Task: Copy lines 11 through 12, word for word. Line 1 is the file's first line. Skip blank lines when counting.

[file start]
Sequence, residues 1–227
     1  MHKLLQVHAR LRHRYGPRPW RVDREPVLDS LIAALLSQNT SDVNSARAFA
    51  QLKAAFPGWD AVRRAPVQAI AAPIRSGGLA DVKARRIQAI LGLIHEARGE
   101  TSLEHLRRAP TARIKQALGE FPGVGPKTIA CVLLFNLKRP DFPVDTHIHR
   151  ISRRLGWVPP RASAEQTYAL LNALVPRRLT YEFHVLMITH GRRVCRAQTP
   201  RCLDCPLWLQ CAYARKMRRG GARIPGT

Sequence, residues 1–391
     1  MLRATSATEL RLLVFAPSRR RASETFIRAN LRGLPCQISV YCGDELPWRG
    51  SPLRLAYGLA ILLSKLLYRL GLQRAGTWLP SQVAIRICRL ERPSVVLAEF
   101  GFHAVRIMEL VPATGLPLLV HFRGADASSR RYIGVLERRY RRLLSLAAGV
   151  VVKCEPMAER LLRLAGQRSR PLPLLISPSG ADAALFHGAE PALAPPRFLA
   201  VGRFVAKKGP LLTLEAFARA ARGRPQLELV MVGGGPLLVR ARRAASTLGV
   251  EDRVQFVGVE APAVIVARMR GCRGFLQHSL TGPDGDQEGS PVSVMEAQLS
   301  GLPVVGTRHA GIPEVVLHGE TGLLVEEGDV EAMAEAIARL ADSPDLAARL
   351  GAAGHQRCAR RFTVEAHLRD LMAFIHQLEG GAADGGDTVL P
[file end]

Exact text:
   151  VVKCEPMAER LLRLAGQRSR PLPLLISPSG ADAALFHGAE PALAPPRFLA
   201  VGRFVAKKGP LLTLEAFARA ARGRPQLELV MVGGGPLLVR ARRAASTLGV